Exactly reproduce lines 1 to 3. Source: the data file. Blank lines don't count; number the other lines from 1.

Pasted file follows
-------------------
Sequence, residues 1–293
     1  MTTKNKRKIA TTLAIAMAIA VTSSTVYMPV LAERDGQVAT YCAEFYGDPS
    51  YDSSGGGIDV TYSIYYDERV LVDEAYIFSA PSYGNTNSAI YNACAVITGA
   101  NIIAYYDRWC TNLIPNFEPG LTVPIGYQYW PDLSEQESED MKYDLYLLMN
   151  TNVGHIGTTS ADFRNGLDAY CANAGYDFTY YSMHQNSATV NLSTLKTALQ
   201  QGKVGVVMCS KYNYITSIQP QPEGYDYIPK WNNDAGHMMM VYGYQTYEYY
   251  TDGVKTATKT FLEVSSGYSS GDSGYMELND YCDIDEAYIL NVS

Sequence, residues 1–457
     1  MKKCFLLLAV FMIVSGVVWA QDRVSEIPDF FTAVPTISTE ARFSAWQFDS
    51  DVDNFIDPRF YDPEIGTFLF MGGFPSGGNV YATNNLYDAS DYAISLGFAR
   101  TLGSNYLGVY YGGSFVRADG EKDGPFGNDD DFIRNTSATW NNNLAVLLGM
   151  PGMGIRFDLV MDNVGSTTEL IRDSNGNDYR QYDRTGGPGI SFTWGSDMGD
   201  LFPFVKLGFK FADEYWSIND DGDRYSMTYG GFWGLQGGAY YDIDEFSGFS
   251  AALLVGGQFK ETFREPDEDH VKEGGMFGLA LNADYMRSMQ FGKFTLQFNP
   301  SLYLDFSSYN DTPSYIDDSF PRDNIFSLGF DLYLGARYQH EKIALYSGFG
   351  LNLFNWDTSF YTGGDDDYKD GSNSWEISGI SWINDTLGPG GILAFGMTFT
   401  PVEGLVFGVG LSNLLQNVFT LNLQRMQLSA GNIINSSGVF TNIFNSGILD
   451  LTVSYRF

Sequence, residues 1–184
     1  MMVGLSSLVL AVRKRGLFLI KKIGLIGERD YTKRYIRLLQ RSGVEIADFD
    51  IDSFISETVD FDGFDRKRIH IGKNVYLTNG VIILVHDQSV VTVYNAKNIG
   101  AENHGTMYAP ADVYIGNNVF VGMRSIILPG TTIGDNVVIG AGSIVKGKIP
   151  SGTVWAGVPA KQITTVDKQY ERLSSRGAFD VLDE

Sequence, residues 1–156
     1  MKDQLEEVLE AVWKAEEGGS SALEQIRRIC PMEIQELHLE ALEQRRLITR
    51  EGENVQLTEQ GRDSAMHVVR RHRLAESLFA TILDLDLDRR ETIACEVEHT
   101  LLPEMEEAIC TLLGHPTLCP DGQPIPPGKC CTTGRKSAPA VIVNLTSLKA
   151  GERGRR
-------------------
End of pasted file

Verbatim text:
Sequence, residues 1–293
     1  MTTKNKRKIA TTLAIAMAIA VTSSTVYMPV LAERDGQVAT YCAEFYGDPS
    51  YDSSGGGIDV TYSIYYDERV LVDEAYIFSA PSYGNTNSAI YNACAVITGA